A splash pad in Little Rock, Arkansas, had “viable” samples of the rare Naegleria fowleri, which is usually only found in freshwater lakes and rivers
One person is dead after contracting Naegleria fowleri — often called the “brain-eating amoeba” — at an Arkansas splash pad.
The rare but deadly amoeba was confirmed to be present at the splash pad at the Little Rock Country Club, according to a statement from the Arkansas Department of Health. The agency did not release the age or gender of the person who died from exposure to the amoeba.
The amoeba is generally not found in splash pads or pools, which are usually treated with chlorine, which kills it. However, the CDC does note that it can be found in "poorly chlorinated recreational and tap water."
While most cases in the U.S. are from natural sources of water, in Louisiana in 2013, the amoeba was contracted from tap water used for a Neti pot.
“The CDC has reported one splash pad sample as confirmed to have viable Naegleria fowleri,” the statement said. “The remaining samples are still pending.”
The pool and splash pad at the country club are closed, the Department of Health said, and added that “there is no ongoing risk to the public related to this exposure.”
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Naegleria fowleri cannot be spread from person to person, according to the CDC. The moniker “brain-eating amoeba” comes from its ability to ”cause a brain infection when water containing the amoeba goes up the nose.”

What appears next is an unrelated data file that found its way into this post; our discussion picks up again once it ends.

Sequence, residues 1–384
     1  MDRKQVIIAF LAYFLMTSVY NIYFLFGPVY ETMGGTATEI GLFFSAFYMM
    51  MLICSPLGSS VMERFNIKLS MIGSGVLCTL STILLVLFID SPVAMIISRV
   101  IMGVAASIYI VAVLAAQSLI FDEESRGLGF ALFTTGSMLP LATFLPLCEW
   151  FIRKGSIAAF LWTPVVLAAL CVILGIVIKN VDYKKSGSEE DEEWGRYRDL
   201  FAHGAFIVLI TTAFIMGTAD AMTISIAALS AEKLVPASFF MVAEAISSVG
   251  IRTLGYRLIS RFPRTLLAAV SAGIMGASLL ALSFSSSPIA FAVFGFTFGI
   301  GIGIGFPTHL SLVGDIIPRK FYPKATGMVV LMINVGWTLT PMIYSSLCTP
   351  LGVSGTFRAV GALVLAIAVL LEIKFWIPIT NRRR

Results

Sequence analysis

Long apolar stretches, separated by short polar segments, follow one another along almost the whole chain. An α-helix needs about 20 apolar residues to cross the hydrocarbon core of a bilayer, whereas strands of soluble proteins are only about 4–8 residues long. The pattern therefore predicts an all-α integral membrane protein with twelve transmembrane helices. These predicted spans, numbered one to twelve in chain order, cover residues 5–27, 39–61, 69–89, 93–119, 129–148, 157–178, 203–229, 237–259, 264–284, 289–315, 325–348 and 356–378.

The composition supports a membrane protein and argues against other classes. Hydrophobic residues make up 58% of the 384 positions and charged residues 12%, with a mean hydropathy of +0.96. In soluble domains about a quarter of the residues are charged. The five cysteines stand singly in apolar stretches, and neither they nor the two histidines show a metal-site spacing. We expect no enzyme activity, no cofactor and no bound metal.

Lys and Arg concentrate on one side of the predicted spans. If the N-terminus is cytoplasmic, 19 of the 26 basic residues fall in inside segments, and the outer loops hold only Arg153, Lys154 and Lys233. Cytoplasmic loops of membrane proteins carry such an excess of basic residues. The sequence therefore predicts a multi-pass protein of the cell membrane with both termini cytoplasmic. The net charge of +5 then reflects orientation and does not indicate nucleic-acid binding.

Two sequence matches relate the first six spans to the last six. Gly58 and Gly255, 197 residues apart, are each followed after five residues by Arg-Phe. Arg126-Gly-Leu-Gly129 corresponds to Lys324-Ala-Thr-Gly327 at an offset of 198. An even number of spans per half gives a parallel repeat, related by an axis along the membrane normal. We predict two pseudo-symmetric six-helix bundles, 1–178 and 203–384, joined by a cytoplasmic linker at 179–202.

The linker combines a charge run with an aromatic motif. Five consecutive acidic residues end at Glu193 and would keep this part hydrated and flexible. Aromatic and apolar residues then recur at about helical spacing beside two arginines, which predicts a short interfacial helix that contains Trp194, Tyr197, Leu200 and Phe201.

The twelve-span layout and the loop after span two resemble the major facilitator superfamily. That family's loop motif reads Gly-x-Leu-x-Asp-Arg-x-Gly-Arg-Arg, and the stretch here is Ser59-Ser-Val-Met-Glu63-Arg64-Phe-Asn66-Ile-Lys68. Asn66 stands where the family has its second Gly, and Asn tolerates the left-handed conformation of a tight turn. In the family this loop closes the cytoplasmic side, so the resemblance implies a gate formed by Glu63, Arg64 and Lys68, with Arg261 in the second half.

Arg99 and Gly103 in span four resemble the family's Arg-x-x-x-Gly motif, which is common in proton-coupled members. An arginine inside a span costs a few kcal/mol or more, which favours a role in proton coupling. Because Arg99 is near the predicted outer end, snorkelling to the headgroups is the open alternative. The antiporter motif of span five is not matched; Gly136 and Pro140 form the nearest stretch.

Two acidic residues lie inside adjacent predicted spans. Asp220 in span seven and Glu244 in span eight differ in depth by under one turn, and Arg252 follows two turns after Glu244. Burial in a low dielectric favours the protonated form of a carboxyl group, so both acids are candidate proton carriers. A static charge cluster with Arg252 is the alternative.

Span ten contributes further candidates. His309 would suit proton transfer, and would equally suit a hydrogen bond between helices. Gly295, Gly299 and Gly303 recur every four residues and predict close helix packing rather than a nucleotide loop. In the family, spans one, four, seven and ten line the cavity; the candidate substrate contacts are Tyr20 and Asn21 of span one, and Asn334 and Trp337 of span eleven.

In fact, it is only contracted through the nose, the CDC points out, and not by drinking or swallowing it.
Only about three people in the United States get infected each year, but these infections are usually fatal.
The amoeba causes primary amebic meningoencephalitis, the CDC says, and symptoms start an average of five days after exposure — with death usually following five days afterwards.
It often goes undetected “because the disease progresses rapidly so that diagnosis sometimes occurs after the patient dies,” the CDC says.
Symptoms mimic bacterial meningitis, with severe frontal headache, fever, nausea and vomiting being closely followed by a stiff neck, seizures, and coma.
Treatment includes a combination of drugs, but the CDC points out that there are only five known survivors of Naegleria fowleri in North America. One of the survivors, an 8-year-old boy, was left with permanent brain damage, while two patients whose treatment included therapeutic hypothermia (cooling the body below normal body temperature) made full neurologic recoveries.
The splash pad exposure is Arkansas’s first case of Naegleria fowleri since 2013, the Department of Health reports, and the state has seen 6 cases overall.
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